Breaking Bad seems to be trying obnoxiously hard. By that I don’t mean that it strives for relevance or for aesthetic bona fides, though there’s certainly a big dollop of that of that in its we’re-serious-because-we’ve-got-cancer-and-also-meth plotting. But what’s most striking about the writing isn’t the angst or the realism. It’s the events. Our hero, high school science teacher Walter White (Bryan Cranston) has barely been diagnosed with cancer before he decides to become a meth cook, and he’s barely cooked his first batch before his life is threatened by thugs, and then, hey! he’s killed his first man. This is all within two episodes — as far in the series as I’ve gotten.

None of which is especially improbable for television. But that’s just saying that it’s really extraordinarily improbable. The drug industry is very violent, but if everyone who ever got involved in the industry killed someone in their first day on the job, you wouldn’t have a drug industry, because everyone in the industry and probably in the country would be dead I’m certain meth addicts and providers off each other, but surely they usually take a week or so, at least, between violent murders.

Which is to say that while Breaking Bad makes some gestures at gritty realism, it remains a genre television series. As such, it’s driven by the demands of drama; something has to happen. Guns, car chases, sex, dead bodies, lots of messy blood — you get them all and get them often, because that’s what the audience wants. There wouldn’t be much point in watching a show where a high school scientist just quietly started selling meth out of a trailer, made a lot of money, and then socked it away for his kid’s college fund, right?

There’s a very similar dynamic on the very similarly-themed show Weeds. Like Breaking Bad, Weeds is a story about an everyday middle-class parent (in this case Nancy (Mary-Louise Parker) who experiences a personal tragedy (in this case the death of her husband) and so turns to selling drugs (in this case marijuana.) Weeds is played more as comedy than tragedy…but it, too, is tied to the remorseless genre requirements of having something happen. Nancy is constantly being robbed and shot at when she isn’t having sex with a series of more or less unlikely partners, her travails ever-escalating until the end of the third season when she actually burns down her entire town in a fiery apocalypse.

In the fourth season, Nancy’s family heads to the Mexican border, where she hooks up (in various senses) with drug runners. Said drug runners use Nancy as a front; she is given ownership of a store selling maternity clothes. The store has a tunnel going under the border, allowing the Mexican gangs to transport drugs into the U.S. In theory, this should be a dream come true for Nancy; she is being paid a ton of money, isn’t endangering her life, and can actually spend time with her family. She works nine to five, and then can go home to her kids.

Instead of being pleased, though, Nancy is bored — which doesn’t make a ton of sense for the character as we’ve come to know her, but does make a lot of sense in terms of genre conventions. It’s not Nancy who can’t stand the day to day tedium of not getting shot at; it’s the viewers. If the story is to go on, Nancy needs to do something other than sell maternity clothes…and so, sure enough, she (for our benefit) starts poking her nose where it doesn’t belong. Thus she is confronted with a Moral Dilemma. In the last episode I was able to make myself watch, Nancy sees a young woman come through the tunnel, and figures out that the maternity store is being used as a front not just for drugs but for (gasp!) trafficking.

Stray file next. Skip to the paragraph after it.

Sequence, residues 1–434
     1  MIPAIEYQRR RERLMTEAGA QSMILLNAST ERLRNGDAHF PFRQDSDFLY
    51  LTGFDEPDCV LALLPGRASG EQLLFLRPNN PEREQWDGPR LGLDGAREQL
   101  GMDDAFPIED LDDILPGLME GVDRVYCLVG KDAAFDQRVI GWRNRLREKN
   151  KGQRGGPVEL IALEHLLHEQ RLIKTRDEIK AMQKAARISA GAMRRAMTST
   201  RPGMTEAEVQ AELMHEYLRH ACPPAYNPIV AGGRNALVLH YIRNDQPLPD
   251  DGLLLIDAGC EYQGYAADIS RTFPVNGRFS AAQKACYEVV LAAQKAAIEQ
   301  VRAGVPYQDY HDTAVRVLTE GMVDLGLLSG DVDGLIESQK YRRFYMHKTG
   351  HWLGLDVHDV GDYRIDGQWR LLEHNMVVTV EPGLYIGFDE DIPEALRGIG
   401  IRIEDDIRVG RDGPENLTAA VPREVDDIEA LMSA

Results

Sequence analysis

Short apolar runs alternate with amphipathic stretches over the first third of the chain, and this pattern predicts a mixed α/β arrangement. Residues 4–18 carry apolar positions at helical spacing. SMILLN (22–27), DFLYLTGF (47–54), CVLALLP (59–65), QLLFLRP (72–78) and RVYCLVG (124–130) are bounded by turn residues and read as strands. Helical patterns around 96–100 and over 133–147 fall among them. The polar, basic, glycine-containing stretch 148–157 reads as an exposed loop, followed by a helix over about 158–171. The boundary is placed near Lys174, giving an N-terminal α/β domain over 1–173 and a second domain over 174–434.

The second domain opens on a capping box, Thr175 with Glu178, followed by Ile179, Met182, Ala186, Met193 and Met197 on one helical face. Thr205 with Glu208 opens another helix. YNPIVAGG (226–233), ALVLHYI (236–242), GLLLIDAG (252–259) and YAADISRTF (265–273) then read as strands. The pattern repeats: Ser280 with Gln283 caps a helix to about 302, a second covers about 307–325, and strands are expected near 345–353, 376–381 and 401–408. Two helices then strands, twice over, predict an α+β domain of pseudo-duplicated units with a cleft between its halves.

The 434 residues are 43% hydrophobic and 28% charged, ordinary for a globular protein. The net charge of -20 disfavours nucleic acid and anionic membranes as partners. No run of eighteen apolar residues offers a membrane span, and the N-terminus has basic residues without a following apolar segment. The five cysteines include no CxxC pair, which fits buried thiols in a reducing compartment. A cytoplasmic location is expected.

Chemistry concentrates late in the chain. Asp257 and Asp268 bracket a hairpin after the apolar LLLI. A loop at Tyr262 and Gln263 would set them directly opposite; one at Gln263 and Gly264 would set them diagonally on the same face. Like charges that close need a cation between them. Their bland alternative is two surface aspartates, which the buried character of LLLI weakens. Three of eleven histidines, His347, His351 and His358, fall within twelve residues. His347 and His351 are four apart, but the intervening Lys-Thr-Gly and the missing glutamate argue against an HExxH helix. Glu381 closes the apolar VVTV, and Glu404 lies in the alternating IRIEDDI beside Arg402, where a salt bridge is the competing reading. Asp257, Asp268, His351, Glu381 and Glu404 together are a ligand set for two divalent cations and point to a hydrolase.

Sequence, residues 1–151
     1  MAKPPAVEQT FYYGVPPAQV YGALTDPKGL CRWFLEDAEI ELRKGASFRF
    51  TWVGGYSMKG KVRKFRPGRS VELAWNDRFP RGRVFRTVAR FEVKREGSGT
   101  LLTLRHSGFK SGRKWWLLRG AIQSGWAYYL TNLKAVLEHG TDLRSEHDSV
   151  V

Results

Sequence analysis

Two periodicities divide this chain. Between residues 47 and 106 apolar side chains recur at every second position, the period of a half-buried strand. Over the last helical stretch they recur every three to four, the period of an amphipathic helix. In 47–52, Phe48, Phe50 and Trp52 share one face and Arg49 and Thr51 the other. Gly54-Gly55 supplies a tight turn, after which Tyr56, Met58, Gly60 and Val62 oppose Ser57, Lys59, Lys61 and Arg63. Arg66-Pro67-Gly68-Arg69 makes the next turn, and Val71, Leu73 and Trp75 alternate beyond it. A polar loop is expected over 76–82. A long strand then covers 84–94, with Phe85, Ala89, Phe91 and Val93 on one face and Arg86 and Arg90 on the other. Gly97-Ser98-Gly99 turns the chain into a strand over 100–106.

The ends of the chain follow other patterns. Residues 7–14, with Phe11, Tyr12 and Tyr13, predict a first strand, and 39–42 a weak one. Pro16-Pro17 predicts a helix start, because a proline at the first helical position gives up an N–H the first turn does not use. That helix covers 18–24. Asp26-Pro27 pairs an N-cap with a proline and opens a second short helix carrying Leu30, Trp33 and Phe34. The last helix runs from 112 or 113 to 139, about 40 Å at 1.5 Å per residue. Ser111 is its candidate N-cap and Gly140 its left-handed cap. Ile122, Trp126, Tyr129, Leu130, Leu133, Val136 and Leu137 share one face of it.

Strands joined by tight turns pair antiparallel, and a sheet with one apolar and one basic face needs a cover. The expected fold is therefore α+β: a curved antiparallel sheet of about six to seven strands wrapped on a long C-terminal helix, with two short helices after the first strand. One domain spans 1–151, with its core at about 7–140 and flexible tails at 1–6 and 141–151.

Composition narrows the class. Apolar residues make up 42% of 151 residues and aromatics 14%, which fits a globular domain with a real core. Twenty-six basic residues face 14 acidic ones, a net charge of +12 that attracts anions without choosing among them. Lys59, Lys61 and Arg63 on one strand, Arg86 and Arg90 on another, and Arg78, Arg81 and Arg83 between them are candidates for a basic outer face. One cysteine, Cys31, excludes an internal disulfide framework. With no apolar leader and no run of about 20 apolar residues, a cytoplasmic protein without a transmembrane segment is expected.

Sex trafficking is here deployed in a wearisomely cynical fashion. Neither the show, nor Nancy, nor the viewers actually care about the woman who we see supposedly being trafficked. She’s just there there to be young and pretty and victimized; a totem of how far Nancy has sunk. There’s never a question of whether or not she wants to be crossing the border, for example — of where she’s coming from, or where she’s going to. Nobody asks her, nobody gives a shit. She’s not a person — just an excuse for moral panic that can move the narrative along.

This dovetails in depressing ways with how sex trafficking is actaully used in political discourse. As Laura Agustin, who researches migration and sex work, argues, sex trafficking as it is usually portrayed in the media barely exists. Most women (or men) who cross a border and are paid for sex aren’t victims of kidnapping, and while they would certainly benefit from more sympathetic immigration policies and a whole host of services, they don’t necessarily need or want “rescuing”. At the very least, they need people to listen to their stories of themselves, rather than jamming them into somebody else’s simplistic genre narrative of villainy, moral commitment, and heroic salvation.

It’s hard to get away from simplistic genre narrative though. As Breaking Bad and Weeds both know, no one wants to sit down for an evening and watch paint dry. Entertainment is supposed to be entertaining; narratives are supposed to be filled with event. We don’t love violence qua violence, necessarily, but we seem to have a hardwired ineradicable bias in favor of having something — anything! — happen. I think that rage for sequence has a lot to do with (as one example) our inability to turn the drug war off. Kill the bad guys, save the babies, experience moral ambiguity, tune in next week. Nancy and Walt and the viewer turn off their own lives and take a walk on the wild side where, we all like to imagine, stuff happens. Narrative is its own addiction. Who wouldn’t, like Walter and Nancy, give themselves over to its rush?

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